Distant screaming in my head. That’s all I can hear as I stir slowly awake from sleep to start the day. The light barely visible through my window, the screaming, I come to realize is my alarm blaring in the distance. Why did I set it to ascending? Do I really enjoy gradual yelling? I stare at the ceiling, annoyed as I reach for my phone and contemplate the possibility of abusing the snooze feature. Some days, I imagine that the only option for motion this early in the AM is an indelicate face plant on the floor. Just roll right off, the thud jarring me, I no longer have the choice to remain in bed or an excuse to sleep more. Through very little effort I’d achieve the hardest step, though perhaps sore, I would then crawl my way through to the next proceeding ritual.
I’ve been told i’m not a morning person, I’m sure even you’ve come to that conclusion. I’d be lying if I didn’t admit that without coffee, I would become a snarling beast of a half-human; the hunchback of Toronto, barely functional until that blessed cup touches my lips, dissipating the mind fog as I consume the heady brew. I’d like to believe my description is an exaggeration but I’ve come to terms- my crutch and I, we know well the roles we each play in my day.
Due to the recent demands of my day job bleeding into my evenings, the time which I designated as my writing hours evaporated, leaving me struggling to find moments to pursue my craft. I decided one day, on a particularly aggravating evening that every night I would adjust my alarm to wake a bit earlier. The goal: to find the right “magic” hour that would allow me to get some of my work done before I headed to my job. I knew the odds were against me, yet I tried and I was unsuccessful. I became frustrated with my inability to rise and my miscalculation in assuming that the dangling carrot of word progression would be enough to awaken my sleeping form. After a week of hit and misses, I decided to redefine where I could tackle my creative work and become more flexible with my time.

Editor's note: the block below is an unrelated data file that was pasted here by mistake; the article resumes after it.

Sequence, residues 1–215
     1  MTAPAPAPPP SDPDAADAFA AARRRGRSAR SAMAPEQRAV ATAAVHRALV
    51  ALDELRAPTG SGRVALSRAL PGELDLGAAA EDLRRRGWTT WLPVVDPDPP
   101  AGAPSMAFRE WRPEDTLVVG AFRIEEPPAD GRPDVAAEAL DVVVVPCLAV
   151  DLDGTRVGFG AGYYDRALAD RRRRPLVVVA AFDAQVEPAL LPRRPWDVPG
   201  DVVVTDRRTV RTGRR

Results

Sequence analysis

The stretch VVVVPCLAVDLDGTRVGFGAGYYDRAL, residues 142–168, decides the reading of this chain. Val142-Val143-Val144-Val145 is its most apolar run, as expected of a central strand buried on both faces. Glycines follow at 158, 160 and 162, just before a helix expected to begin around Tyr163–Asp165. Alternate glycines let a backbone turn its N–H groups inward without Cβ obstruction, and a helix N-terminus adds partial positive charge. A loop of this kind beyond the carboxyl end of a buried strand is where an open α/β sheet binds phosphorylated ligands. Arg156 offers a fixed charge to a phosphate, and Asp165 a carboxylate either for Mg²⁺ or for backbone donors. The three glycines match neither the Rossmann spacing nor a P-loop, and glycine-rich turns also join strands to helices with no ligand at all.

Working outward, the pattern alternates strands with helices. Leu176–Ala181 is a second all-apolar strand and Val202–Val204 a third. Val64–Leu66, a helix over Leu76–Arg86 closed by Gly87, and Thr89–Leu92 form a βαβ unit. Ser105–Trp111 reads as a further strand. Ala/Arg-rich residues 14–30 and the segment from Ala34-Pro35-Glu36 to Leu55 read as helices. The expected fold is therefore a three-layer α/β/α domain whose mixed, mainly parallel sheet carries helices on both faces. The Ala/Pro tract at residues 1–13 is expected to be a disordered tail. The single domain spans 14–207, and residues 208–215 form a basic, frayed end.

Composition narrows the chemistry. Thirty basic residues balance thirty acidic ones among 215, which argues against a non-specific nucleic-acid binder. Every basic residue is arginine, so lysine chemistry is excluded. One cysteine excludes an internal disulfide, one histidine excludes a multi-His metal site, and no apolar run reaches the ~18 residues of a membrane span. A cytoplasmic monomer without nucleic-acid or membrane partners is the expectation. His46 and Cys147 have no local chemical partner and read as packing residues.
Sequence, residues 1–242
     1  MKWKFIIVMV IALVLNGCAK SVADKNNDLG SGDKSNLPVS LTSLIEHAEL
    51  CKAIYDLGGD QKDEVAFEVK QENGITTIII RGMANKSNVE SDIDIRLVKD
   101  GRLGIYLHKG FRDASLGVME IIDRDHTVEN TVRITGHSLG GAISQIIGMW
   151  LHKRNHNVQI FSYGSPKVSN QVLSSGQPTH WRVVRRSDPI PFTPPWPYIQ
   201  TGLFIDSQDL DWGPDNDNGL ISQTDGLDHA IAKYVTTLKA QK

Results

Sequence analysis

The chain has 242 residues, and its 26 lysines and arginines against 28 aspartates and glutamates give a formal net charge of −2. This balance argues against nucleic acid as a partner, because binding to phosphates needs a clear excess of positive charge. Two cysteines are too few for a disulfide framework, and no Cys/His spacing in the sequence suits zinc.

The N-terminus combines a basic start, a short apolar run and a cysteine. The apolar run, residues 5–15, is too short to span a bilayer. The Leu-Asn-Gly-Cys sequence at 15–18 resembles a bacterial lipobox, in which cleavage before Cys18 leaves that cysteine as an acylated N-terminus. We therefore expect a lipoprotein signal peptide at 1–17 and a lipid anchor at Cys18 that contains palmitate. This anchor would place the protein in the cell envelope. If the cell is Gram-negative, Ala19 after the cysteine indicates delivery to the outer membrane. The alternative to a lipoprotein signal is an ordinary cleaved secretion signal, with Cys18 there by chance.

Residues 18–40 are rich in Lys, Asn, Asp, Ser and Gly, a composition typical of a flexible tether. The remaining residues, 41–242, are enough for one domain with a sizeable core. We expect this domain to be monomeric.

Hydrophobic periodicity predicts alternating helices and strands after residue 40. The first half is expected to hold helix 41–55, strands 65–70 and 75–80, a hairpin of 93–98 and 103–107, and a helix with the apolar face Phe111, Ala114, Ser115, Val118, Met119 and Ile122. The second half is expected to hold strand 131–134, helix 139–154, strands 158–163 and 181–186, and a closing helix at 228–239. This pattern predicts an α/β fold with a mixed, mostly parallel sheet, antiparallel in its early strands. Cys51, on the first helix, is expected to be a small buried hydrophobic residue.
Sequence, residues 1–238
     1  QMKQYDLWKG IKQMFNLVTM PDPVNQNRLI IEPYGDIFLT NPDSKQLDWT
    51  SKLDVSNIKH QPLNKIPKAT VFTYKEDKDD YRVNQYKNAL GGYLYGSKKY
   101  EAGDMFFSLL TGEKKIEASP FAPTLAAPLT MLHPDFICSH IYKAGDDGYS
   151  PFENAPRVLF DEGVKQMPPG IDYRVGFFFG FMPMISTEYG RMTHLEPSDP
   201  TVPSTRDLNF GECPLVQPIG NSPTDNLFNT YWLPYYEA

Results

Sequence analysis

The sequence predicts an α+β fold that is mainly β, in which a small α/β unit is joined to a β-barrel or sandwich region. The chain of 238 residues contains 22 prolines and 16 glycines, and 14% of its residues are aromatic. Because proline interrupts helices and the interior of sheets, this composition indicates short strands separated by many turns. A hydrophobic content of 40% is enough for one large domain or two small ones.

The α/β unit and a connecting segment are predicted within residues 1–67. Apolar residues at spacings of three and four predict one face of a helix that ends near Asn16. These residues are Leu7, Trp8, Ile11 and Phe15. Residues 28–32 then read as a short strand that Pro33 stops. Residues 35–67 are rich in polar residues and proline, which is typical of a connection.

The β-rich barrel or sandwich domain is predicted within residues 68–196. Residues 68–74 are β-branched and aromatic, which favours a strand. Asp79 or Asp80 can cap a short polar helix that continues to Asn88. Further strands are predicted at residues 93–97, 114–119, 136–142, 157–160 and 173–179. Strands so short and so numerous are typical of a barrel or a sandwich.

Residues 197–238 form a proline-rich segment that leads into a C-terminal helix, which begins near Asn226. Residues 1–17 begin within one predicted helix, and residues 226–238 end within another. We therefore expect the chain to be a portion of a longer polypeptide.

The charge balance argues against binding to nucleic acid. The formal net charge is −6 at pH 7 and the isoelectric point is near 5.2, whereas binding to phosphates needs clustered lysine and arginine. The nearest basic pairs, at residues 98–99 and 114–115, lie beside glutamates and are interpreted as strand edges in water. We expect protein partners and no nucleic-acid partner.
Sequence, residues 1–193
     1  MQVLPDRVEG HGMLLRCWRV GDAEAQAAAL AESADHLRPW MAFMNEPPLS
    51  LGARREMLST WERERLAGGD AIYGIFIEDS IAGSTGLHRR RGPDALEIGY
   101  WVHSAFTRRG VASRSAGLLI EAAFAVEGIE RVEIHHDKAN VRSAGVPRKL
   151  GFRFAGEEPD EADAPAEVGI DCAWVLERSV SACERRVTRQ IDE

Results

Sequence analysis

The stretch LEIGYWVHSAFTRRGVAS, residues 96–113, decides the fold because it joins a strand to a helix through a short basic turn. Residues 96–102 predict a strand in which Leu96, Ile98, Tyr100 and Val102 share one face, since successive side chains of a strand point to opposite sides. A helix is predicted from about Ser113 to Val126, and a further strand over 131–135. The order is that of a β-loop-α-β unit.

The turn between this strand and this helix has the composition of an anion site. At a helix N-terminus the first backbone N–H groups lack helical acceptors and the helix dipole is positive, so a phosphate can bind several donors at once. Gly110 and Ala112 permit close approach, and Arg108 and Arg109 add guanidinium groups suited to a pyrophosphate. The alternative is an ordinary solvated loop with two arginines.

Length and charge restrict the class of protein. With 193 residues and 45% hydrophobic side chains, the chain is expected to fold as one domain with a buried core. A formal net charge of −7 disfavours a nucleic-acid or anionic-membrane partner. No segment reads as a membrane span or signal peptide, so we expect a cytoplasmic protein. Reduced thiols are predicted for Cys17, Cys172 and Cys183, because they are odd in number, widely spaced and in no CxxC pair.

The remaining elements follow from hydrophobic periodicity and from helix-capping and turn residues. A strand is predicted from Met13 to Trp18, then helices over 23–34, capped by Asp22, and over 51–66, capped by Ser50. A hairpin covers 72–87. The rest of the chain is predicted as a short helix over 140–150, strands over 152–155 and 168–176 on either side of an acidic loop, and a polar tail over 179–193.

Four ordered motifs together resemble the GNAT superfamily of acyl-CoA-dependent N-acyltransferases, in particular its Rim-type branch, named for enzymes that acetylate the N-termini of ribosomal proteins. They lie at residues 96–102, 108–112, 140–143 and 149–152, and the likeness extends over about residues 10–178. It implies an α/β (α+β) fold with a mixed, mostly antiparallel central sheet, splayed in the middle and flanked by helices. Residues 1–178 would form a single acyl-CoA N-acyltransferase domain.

Although I use technology in every aspect of my life, I often forget that devices, mobile and compact, can be a writing tool used anywhere I go. I focused the following week on making my creative space more transportable, playing music that set the tone, making sure I wasn’t in a rush and tried to create an environment in my mind that I could produce a sentence or two. I had more success and less self-induced stress from this small change. Writing on my commute, I can’t help but have low expectations given the location I am trying to create, but the exercise in and of itself helped me to learn to be more adaptive in my writing pursuits.
As I continue to work away at my first draft and other writing projects, I recognize the struggle to find enough time between my day job, life responsibilities and the procrastinating she-devil that lurks under my desk. I think we all, at some point in our writing journey, have struggled to find ways to keep our writing on track.Sometimes distractions speak louder than inspiration. But as I write this, I feel motivation and drive become fuelled by my tiny daily efforts which I’ve come to realize and accept that they sometimes have to be enough.